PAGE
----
Women's Support Group
By Seton Melvin, Co-leader
In 1991, The Mount Sinai Hospital invited women in the New York region who had sustained any kind of brain injury, for example, traumatic brain injury, stroke, aneurysm, AVM, anoxia and the like, to attend a meeting with the objective to assess whether women's issues after brain injury were the same or distinct from those of men. A standing room only group gave voice to issues they had shared in isolation, expressing that female needs after TBI were distinctly different from the needs of men and often went unheard or were under served. The Women's Support Group (WSG) at Mount Sinai began that night. Two decades later, the popular monthly meeting provides a place where women freely express challenges after brain injury, learn strategies to compensate for them, discuss cognitive and emotional changes, and receive information about progress in the TBI field.
I was lucky enough to be in the room on that auspicious day in 1991, having had a hemorrhage from an arterial venous malformation and brain surgery in 1990, and joined the Brain Injury Research Center in 1996. In the intervening years, great advances have been made in treatment therapies for brain injury, allowing millions of people to live more integrated, productive lives. Mount Sinai provides a support group for women with brain injuries co-led by me and a Post-Doctoral Fellow specializing in treatment and recovery from the consequences of brain injury.
In the Mount Sinai WSG, we often cover one or more of "The Big Five" issues resulting from brain injuries:
- Memory Impairment
- Attention and Concentration Difficulties
- Sleep Difficulties
At the beginning of each WSG meeting, I present an issue that is challenging to many people with TBI's. A recent topic we discussed was: SLEEP: Too much, not enough, never at the right time? We started by discussing the sleep difficulties people might have post-TBI and describing the effect such problems have on their functioning. After we defined the challenge, the co-leaders introduced ways to recognize, reduce, compensate or avoid encountering sleep difficulties. As the discussion unfolded, the reaction in the room was positive, as we identified methods to reduce one kind of the negative impact of brain injury.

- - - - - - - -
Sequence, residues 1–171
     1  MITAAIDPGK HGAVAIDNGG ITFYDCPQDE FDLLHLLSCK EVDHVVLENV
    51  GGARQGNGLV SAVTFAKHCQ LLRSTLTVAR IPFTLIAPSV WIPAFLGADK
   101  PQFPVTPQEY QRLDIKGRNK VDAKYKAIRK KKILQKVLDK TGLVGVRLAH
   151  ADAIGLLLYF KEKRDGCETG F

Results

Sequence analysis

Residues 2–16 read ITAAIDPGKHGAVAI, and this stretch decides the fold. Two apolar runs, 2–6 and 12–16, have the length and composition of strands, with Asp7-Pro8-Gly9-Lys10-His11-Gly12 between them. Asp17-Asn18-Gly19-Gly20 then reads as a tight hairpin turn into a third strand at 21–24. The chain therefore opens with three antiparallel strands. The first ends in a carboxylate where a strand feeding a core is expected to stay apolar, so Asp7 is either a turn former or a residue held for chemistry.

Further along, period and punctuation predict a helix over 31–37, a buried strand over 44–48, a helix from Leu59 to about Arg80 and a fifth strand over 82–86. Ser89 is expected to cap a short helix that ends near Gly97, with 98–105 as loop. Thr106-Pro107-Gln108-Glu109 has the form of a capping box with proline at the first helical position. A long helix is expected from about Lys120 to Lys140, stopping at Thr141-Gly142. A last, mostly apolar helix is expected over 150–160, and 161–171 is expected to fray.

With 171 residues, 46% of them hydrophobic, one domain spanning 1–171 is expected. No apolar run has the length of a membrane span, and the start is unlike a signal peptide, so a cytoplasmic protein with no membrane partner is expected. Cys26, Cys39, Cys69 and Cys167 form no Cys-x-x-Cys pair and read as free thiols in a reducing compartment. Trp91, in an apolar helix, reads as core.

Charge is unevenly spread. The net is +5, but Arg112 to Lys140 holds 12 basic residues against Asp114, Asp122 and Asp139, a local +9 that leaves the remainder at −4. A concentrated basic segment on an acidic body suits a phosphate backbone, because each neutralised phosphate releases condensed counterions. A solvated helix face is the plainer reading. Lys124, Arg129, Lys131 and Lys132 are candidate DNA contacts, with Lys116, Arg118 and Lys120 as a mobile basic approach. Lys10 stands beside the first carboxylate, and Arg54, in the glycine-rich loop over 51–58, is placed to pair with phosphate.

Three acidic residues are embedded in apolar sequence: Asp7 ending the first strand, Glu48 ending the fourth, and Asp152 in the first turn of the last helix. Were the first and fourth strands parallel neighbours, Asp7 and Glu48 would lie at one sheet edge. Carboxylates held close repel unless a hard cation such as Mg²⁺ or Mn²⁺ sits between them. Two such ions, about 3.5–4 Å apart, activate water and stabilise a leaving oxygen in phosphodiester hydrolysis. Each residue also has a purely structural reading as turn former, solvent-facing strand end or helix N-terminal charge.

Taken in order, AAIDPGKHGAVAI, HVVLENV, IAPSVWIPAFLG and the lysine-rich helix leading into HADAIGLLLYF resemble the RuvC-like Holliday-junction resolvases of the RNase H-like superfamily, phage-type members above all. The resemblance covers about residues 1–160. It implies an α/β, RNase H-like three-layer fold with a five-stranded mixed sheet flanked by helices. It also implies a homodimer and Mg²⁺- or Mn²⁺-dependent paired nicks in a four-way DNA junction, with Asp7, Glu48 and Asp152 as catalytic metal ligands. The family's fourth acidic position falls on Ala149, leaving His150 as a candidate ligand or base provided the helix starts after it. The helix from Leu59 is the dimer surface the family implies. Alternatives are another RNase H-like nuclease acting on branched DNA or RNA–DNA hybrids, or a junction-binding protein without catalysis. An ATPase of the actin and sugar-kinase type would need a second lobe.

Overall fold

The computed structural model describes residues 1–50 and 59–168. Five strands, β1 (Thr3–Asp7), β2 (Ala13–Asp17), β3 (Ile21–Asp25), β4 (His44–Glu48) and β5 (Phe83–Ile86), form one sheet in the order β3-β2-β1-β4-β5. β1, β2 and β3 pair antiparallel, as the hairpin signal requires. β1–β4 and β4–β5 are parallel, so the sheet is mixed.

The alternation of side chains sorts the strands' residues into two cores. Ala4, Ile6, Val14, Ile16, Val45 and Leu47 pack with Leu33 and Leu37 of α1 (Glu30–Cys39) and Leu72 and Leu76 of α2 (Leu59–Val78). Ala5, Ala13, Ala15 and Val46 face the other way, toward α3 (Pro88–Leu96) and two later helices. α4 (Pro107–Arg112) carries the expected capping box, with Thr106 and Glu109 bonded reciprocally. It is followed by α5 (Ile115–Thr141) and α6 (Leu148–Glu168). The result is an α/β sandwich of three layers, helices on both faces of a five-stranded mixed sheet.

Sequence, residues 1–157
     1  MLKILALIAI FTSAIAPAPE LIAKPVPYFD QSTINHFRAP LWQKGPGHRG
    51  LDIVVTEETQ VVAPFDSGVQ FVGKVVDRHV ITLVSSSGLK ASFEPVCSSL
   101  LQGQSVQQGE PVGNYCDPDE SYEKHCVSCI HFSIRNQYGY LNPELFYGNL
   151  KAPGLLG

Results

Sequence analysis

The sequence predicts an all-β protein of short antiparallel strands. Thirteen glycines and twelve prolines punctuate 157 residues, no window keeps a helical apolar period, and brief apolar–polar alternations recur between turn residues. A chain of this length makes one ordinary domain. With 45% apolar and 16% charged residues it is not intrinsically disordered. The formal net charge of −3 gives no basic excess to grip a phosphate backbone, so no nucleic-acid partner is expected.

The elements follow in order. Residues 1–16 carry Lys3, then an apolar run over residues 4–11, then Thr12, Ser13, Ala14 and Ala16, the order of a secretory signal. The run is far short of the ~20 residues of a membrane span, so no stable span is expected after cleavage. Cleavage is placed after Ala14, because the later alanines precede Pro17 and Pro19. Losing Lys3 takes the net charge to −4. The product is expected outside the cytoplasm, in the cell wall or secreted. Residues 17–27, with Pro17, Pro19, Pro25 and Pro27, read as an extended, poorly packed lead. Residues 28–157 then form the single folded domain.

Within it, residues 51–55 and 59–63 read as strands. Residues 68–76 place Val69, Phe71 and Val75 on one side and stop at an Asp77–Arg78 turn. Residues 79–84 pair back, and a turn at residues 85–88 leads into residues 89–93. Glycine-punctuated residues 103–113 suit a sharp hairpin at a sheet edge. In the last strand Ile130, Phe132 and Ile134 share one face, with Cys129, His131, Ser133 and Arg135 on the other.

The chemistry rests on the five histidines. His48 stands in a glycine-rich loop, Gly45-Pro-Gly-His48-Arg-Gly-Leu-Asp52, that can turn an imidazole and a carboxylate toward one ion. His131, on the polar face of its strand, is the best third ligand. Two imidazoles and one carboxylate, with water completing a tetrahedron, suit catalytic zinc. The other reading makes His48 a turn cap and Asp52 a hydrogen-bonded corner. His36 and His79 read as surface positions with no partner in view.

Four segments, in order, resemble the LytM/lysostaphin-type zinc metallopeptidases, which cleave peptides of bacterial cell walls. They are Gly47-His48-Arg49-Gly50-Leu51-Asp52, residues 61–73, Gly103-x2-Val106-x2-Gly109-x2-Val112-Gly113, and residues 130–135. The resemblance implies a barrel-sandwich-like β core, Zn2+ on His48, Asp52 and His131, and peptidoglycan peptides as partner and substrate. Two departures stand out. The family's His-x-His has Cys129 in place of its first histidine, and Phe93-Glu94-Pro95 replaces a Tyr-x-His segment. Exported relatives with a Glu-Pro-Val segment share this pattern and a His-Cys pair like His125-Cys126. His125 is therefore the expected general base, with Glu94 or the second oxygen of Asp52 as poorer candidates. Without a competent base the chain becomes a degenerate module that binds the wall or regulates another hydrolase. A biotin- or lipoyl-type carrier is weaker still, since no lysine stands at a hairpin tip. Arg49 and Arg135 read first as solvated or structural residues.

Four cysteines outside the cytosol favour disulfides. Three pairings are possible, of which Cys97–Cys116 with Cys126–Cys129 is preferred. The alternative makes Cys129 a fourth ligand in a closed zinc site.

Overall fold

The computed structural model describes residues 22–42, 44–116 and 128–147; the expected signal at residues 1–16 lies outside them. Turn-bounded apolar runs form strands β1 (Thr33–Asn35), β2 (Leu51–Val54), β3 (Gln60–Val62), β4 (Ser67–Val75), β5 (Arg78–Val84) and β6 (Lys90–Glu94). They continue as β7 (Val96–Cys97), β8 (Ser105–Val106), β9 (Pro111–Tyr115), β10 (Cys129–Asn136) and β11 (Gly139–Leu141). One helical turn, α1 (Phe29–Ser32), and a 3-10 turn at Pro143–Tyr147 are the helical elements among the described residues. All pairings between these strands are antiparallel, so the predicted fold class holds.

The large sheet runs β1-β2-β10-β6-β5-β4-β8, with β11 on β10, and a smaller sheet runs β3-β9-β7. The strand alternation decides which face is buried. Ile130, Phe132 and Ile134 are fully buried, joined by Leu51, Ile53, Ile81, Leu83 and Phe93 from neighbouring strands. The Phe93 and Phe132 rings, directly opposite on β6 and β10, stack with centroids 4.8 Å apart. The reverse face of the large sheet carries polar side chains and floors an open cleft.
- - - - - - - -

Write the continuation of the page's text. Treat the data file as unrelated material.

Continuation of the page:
Our discussion of “The Big Five” has led us to explore many challenging issues, such as:
- Executive dysfunction
- Organization and task completion
- Rapid changes in mood
- Impulsivity- Acting before considering or despite adverse consequences
- Sensitivity to stimuli, for example, light, noise, odor
- Disorganization and clutter
- Volunteering- A step back to work without job risk
- Isolation – The Pros and Cons
- Procrastination – The lack of initiation and difficulty getting started
Given the importance of these issues in our lives and the discussions that follow, people who attend the WSG must be prepared to work. Discussions can trigger strong emotional responses. People best suited to benefit from the WSG are not there simply to tell their story again. Participants should be prepared to do the work necessary to make positive changes in their lives. This often requires note-taking and other compensatory functions since the WSG builds on skills learned from one session to another.
What to Expect After You Call
When women express interest in joining the WSG, they are given the assignment to keep a log for four days, commenting on many aspects of their lives post-TBI, for example, fatigue, memory, depression, concentration, sleep needs, anxiety, anger, crying, physical activity, social outlets, contact with friends/family, and how they spend their days and weekends.
After keeping the log they bring it to a meeting with me. Discussion of their record allows me to assess challenges they may be experiencing, and gives them a more concise picture of what changes may have occurred post-brain injury. By the end of our discussion, I can more effectively direct them to services Mount Sinai provides to help with their recovery from TBI. This may include participation in the WSG.
If you are interested in finding more out about the group, please call me at 212- 241-5010 and leave a message, including:
- The best number to reach you (just one) and when
- The date and type of brain injury you sustained
- Treatment or therapies you have engaged in
I look forward to hearing from you.
Co-leader, Women's Support Group
Brain Injury Research Center
Icahn School of Medicine at Mount Sinai
5 E. 98th Street B-13
New York, NY 10029